Airline Safety

The problem of airplanes being hijacked and used as weapons was solved at 10:03 AM on 2001-09-11 over a field in Shanksville, PA. ‘Average’ Americans figured out the security equation just more than an hour after the first plane hit Tower 1. Everything since is a distraction.

The specific problem that’s supposedly being solved by Airport Security is using airplanes as weapons. That one’s been solved – you can’t do that anymore if you’re a hijacker.

But, what if you’re a hijacker who doesn’t want to use the airplane as a weapon? Everybody is still going to think you do. So they’re going to rush/kill you, probably before you even get to the cockpit. I agree that the hardened cockpit doors were a good idea, which is why the Israeli airline has had them for decades. But we have them now, let’s move on.

The only thing you can do to an airplane now is blow it up. But, you don’t even need to do that by suicide if you don’t want to, so why would you? If you’re a sociopathic maniac wouldn’t you rather live and extend your reign of terror? In the US we have a policy against negotiating with terrorists, so you can’t hijack to have demands met for release either. So, curiously, the 9/11 attacks dried up hijacking as a viable means of anything.

But to bring home the point, there have been hijackings for decades before 9/11, even bombings (Pan Am Flight 103 over Lockerbie and perhaps TWA-800), and we didn’t implement draconian searches after that. There was more reason at the time – nothing you can do can ever fully prevent these things, terrorists aren’t stupid (they’re doctors and engineers – at least some of them) and this kind of chicanery just wastes everybody’s time and money. So long as a terrorist can take one up the wrong way and get binary explosives onboard, there’s a hard limit on how safe air travel can be. Even at that, planes can’t handle all weather, and life isn’t a risk-free proposition.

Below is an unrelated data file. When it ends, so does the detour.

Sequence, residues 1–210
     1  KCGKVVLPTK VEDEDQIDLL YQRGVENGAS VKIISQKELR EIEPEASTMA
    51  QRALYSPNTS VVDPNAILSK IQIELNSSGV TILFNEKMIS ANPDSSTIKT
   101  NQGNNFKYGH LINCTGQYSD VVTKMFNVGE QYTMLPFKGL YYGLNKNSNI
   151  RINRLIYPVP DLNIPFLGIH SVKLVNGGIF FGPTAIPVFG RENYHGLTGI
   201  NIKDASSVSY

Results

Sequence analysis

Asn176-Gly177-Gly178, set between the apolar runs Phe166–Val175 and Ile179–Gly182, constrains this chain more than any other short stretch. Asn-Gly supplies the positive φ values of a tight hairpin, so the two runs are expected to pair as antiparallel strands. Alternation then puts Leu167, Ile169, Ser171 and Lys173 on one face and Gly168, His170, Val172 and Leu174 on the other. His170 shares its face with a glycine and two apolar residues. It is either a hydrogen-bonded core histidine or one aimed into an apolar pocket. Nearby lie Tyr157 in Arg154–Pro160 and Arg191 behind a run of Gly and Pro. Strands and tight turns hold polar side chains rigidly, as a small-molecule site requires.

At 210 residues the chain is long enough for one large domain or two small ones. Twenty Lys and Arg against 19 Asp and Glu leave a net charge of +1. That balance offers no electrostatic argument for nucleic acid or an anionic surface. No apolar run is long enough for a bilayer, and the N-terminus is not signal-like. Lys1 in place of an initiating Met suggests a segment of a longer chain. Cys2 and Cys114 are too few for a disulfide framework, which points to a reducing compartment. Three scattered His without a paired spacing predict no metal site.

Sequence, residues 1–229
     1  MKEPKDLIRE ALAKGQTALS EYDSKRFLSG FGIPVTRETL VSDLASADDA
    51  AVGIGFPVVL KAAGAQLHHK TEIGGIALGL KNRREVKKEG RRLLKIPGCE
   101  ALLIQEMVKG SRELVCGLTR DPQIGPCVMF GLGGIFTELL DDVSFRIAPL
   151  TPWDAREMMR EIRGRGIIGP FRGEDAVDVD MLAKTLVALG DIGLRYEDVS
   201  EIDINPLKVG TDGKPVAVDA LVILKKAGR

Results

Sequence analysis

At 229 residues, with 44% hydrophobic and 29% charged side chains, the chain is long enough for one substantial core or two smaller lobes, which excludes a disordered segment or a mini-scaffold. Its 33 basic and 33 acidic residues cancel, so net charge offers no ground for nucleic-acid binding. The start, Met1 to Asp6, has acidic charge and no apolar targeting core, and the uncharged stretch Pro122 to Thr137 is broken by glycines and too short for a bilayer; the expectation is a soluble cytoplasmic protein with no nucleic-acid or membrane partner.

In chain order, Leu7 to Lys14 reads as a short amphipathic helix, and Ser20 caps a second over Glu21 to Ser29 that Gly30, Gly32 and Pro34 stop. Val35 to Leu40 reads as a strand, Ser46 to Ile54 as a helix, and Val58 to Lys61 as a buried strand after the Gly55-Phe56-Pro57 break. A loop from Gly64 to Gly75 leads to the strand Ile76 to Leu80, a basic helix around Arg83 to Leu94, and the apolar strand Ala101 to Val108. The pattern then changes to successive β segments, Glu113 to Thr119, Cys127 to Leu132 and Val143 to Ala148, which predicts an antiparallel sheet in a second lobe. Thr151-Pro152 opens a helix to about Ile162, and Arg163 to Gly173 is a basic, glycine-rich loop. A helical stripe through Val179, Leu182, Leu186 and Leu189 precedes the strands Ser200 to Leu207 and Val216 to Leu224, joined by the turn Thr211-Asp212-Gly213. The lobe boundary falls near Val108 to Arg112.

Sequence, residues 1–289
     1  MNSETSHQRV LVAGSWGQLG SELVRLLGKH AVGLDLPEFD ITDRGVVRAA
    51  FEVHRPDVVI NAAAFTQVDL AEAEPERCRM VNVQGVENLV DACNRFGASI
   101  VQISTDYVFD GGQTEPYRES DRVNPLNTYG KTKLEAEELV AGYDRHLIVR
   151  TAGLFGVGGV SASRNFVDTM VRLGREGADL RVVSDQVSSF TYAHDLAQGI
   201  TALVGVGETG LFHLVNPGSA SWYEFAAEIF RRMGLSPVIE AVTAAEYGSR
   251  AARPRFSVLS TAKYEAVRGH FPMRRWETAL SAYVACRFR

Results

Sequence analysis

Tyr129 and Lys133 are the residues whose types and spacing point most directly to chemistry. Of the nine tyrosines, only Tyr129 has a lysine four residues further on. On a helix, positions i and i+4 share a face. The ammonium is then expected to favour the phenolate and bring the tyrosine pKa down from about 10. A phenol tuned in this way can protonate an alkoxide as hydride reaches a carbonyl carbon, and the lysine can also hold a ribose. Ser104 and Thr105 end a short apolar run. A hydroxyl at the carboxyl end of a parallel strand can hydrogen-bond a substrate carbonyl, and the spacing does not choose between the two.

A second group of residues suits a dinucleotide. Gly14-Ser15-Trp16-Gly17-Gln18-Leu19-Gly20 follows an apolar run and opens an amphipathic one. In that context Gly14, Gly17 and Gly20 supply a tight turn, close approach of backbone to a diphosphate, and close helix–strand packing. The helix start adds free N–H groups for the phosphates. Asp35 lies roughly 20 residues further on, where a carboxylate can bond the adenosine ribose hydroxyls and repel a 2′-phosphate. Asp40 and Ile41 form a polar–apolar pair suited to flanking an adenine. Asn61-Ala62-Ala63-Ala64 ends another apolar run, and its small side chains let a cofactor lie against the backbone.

Meanwhile, if you’re in any number of professions which require even occasional air travel (or even a leisure traveler), the Federal government is infringing on the Fifth Amendment prohibition against being deprived of liberty without due process of law. The due process of law, and Hamilton was very specific about this, is a trial by a jury of your peers, and the liberties are derived from ‘natural law’, as described as ‘the law of the land’ in the Magna Charta, and inherited by our system. Let’s not be coy – at these ‘security’ checkpoints you are being detained by the government, they’re just letting you go quickly if you cooperate. If you don’t cooperate your detainment will be longer.

Travel by air is the de-factor standard method of travel in the US for many businesses, and many would not be able to maintain their living without it. For those who answer, “just drive”, this would be analogous to a practice at the founding of our country where your wagon was subject to search and seizure if it were on a road, but the government would tell you, “stop complaining, you can always walk through the woods.” That would have been considered just as reprehensible then as it is now.

Truthfully I’d love to see a private-sector implementation of a ‘safe airline’. There would be no carry-on luggage, pockets would be empty (standard-issue clothes would be best), and everybody would get an MRI on the way in to look for internally concealed weapons.

I think it would go out of business. Quickly.

Early Threat Against US Skyscrapers

According to an AP story, dated September 18, 1986, the Islamic terrorrists “The Committee for Solidarity with Arab and Middle Eastern Political Prisoners” released a statement saying:

“We shall meet soon in your great states. We shall get acquainted with your great states, your cities, your skyscrapers, your Statue of Liberty.”

The group, also known by its french acronym CSPPA, was responsible for four bombings in France at the time. They claimed the US pressured France not to release the prisoner they wanted released. The alleged organizer of the bombings returned to Iran six months later.

Several pundits have argued of late that the US did not draw the ire of Islamic terrorists until it occupied Saudi Arabia after the 1991 Gulf War. While this may have fanned the flames, this threat, almost fifteen years to the day before the attack in 2001, shows that this kind of thought was at least a smoldering ember before the Gulf War.

Amtrak to Start Sucking Much More

Starting this week, Amtrak will start featuring, no, not decent sandwiches, but automatic weapons on its trains.

From the AP story:

WASHINGTON – Amtrak will start randomly screening passengers’ carry-on bags this week in a new security push that includes officers with automatic weapons and bomb-sniffing dogs patrolling platforms and trains.